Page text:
On Monday, November 14, 2022, beginning at 5:30 pm, the Museum of Arts and Design (MAD) will hold its annual MAD Ball gala at the Museum’s home at 2 Columbus Circle, New York.
The benefit will honor renowned multimedia artist Jeffrey Gibson and esteemed New York gallerist Cristina Grajales while celebrating the institution’s mission to champion contemporary makers across creative fields.
The gala dinner will be hosted by New York comedian, beloved cabaret performer, and actor Murray Hill, and the celebration will spill into all of the Museum’s spaces and galleries, where guests may view current exhibitions. Highlights of the evening will include a conversation between MAD Windgate Research Curator Christian Larsen and Cristina Grajales in The Theater at MAD; cocktails in the Luminaries Lounge, specially designed with items from the Shantell Martin x HOEK limited-edition collab and featuring music by DJ Timo Weiland; open galleries with art-making activities; and dinner at Robert restaurant.
In September of this year, the Brooklyn-based sustainable furniture company Hoek Home launched a new artist collaboration program by debuting a limited-edition line with renowned artist Shantell Martin in an interactive exhibit at MAD. The Shantell Martin x HOEK collaboration is returning to the Museum to design the Luminaries Lounge, which will feature exclusive pieces that combine Martin’s signature black and white abstract lines and Hoek’s innovative assembly technology to challenge how consumers use space.
During dinner at MAD’s Robert restaurant, Jeffrey Gibson and Cristina Grajales will be presented with awards by Colleen Keegan, Art Business Advisor of the TED Fellows program and Partner in Keegan Fowler Companies, and the celebrated American art collector, patron, curator, and philanthropist Beth Rudin DeWoody, respectively.
The awards will take the form of one-of-a-kind sashes, made by artist Beau McCall in his signature style, using hand-sewn decorative buttons of various materials such as rhinestone, wood, and mother-of-pearl to create wearable visual artworks, each customized to reflect the honoree’s affinities and interests. Sashes are often worn to mark ceremonial occasions, and this choice of body ornament will complement the event’s festive atmosphere as MAD honors two outstanding figures in the art world. Additionally, the gala will feature a special in memoriam tribute to Jerome A. Chazen, Chairman Emeritus, who passed away on February 6.
MAD Ball’s online auction, powered by Artsy and going live on Tuesday, November 1, will feature artwork and jewelry by a host of talented artists, including Lindsey Adelman, Paul Arnhold, Giulia Boccafogli, Oliver Clegg, Orly Cogan, Liz Collins, Mercedes Castro Corbat, Rachelle Dang, Jocelyn DeSisto, Ben Dory, Octavia Elizabeth, Andrew Erdos, Jeffrey Gibson, Paula Giecco, Danielle Gori-Montanelli, Rebecca Hannon, Paula Hayes, Marge Hinge, Joan Hornig, Lauren Kalman, Eileen Keane, Heechan Kim, Chao-Hsien Kuo, Mariko Kusumoto, Peter Lane, Jessica Lichtenstein, Cannupa Hanska Luger, MoAnA Luu, Francesca Marcenaro, Shantell Martin x Hoek, Issey Miyake, Margo Morrison, Nick Moss, Jolie Ngo, Of Rare Origin, Richard Orlinski, Wanda Raimundi-Ortiz, Faith Ringgold, Dame Zandra Rhodes and Andrew Logan, Roche Bobois, Chris Schanck, Kiki Smith, Carmen Tapia, Deborah Tseng, Claire Webb, Lorraine West, Diana Weymer, Kazumi Yoshida, and David Yurman.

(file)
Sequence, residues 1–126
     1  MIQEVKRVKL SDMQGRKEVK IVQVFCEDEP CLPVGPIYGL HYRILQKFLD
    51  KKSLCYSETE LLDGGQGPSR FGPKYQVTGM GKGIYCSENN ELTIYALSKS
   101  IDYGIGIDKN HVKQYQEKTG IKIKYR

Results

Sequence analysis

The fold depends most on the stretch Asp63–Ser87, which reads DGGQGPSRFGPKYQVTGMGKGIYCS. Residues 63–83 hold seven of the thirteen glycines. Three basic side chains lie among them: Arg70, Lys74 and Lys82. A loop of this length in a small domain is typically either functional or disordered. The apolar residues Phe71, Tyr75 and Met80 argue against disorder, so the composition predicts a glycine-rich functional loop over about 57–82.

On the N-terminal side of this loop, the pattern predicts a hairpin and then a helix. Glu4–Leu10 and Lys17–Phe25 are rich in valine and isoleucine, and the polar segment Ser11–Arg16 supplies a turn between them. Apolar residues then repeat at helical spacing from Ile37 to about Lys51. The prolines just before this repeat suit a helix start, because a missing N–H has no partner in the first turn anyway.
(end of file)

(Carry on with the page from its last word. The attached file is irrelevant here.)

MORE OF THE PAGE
Tickets for MAD Ball 2022 start at $300, a portion of which is tax deductible, and are available for purchase at thestore.madmuseum.org/collections/mad-ball-2022-tickets.
Jeffrey Gibson was born in 1972, in Colorado, and he currently lives and works in the Hudson Valley, New York. Gibson’s work fuses his Choctaw-Cherokee heritage and experience of living in Europe, Asia, and the United States with references that span club culture, queer theory, fashion, politics, literature, and art history. The artist’s multifaceted practice incorporates painting, performance, sculpture, textiles, and video, characterized by vibrant color and pattern.
Gibson combines intricate Indigenous artisanal handcraft—such as beadwork, leatherwork, and quilting—with narratives of contemporary resistance in the form of protest slogans and song lyrics. This “blend of confrontation and pageantry” is reinforced by what the art critic Felicia Feaster describes as a “sense of movement and performance as if these objects … are costumes waiting for a dancer to inhabit them.” The artist harnesses the power of such materials and techniques to activate overlooked narratives, while embracing the presence of historically marginalized identities.